Girls S04E02 - Triggering

Girls – “Triggering”

On the other hand, the latest episode of Girls has Hannah (Lena Dunham’s character) moving to Iowa to attend grad school for an advanced writing degree. In the first student workshop to which the audience is privy, Hannah shares a first-person fictional piece that details the emotional and sexual abuse suffered by the narrator, who many of the other students agree is clearly based on Hannah.

Her peers tear her story apart, and call it unoriginal (they liken it to 50 Shades) and say that the main character is unsympathetic. Hannah is quick to be offended and breaks the rules by providing out-of-turn cringe-worthy retorts (i.e. “history didn’t really focus on the female perspective”). Later in the episode, she even goes as far as to insist that one of the female students who criticized her in class was a survivor of abuse, which is vehemently refuted.

Much like Broad City did, Girls puts rape culture at the forefront this week. The title of the episode is a reference to how stories/descriptions of assault can trigger post-traumatic responses in survivors. Hannah even goes out of her way to warn her peers that there were “triggering aspects of the piece” as a testament to how strong she believes her writing to be, rather than as a real courtesy (there have been articles and interviews about the trivialization of the trigger warning).

Who did it better?

I won’t pass judgment on the messages that either show presented this week (again, this isn’t a TV show review blog), but I think it’s worth commending both for acknowledging the issue, but also worth understanding that neither is claiming an absolute truth or a moral high ground (definitely not Broad City). Each storyline allows for interpretation and helps further discussion, which is always a good thing.

I don’t feel that either show has an imperative to be the final say on women’s issues just because they have female creators/writers. I think that’s an impossibly high standard to place on creative people.

If rape culture were a nail, Broad City addressed it with a sledgehammer. Girls, on the other hand, took a roundabout approach to critique the use of rape culture as a plot point. There’s also some semblance of a Shakespearean “play-within-a-play” at work here. Lena Dunham, the show’s creator, has used rape/unwanted sexual advances as a plotline before (she’s also written about real life experiences in her autobiography). And in this latest episode, her character writes a fictional story using a similar theme. The fictional character that Dunham portrays on the screen however, is shameless in her use of “triggering” language and scenarios. This could be a criticism of other writers (and perhaps an exercise in self-reflection), or it could simply be an unintended parallel. But it does follow a trend of Hannah’s character being increasingly unsympathetic (like the character that her character creates).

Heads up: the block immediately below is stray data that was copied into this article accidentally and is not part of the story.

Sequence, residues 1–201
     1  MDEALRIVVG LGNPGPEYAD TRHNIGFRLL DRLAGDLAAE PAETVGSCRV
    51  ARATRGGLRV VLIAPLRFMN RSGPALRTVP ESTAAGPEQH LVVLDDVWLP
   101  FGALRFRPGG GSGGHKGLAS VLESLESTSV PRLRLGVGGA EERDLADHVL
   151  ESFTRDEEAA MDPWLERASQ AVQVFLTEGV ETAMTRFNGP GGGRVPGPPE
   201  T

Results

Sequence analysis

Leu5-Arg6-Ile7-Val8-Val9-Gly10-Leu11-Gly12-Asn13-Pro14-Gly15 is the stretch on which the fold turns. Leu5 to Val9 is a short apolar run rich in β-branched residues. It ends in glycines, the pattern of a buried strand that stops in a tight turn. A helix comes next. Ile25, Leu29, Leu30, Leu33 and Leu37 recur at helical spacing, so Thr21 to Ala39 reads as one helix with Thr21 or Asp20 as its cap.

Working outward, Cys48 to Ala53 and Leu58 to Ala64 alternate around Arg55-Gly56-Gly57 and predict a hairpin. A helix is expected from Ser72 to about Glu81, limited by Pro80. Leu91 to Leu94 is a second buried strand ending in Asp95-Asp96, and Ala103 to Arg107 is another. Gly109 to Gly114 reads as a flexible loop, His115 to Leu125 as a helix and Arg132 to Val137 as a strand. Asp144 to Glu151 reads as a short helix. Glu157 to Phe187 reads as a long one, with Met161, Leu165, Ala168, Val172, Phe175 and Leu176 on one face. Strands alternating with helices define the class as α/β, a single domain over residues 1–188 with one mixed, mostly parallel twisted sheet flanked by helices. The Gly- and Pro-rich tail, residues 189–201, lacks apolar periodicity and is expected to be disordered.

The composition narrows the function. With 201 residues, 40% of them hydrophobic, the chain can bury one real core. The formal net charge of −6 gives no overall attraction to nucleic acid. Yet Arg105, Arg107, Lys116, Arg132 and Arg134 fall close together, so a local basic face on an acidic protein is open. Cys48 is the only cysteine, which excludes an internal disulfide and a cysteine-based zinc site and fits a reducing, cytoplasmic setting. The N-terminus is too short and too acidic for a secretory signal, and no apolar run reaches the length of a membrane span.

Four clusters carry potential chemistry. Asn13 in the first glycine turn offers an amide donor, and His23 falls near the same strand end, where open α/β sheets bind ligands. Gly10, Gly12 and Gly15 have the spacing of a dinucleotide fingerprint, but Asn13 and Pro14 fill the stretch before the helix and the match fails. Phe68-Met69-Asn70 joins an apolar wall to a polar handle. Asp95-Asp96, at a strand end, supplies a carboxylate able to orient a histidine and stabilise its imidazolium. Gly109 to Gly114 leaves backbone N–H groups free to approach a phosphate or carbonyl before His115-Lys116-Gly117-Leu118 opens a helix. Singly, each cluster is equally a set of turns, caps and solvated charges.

On some level, the fictional Hannah Horvath seems to purposefully fly in the face of the “strong female” archetype and is one of the least empowering female characters on TV – she’s not self-sufficient, overly dependent on her boyfriend/friends/parents, and can’t take criticism; she had a nervous breakdown and was “saved” by her ex-boyfriend Adam, who literally carried her in his arms in the final scene of the season 2. The rest of the female leads aren’t much better – one can’t cope with being broken up with her more successful boyfriend; one fails to graduate college on time because she was broken up with; and the last one basically extorted a rich man in exchange for a divorce. Not exactly role models, but then again, nobody purported that the characters on the show were supposed to be. Starring a female protagonist does not a feminist show make.

But does every single episode of Girls have to be filtered through the lens of “Is Lena Dunham undermining feminism by creating weak female characters”? I’d also say no. I’d blame it more on bad writing and one-dimensional characterization than on an explicit rebuttal of feminist ideals.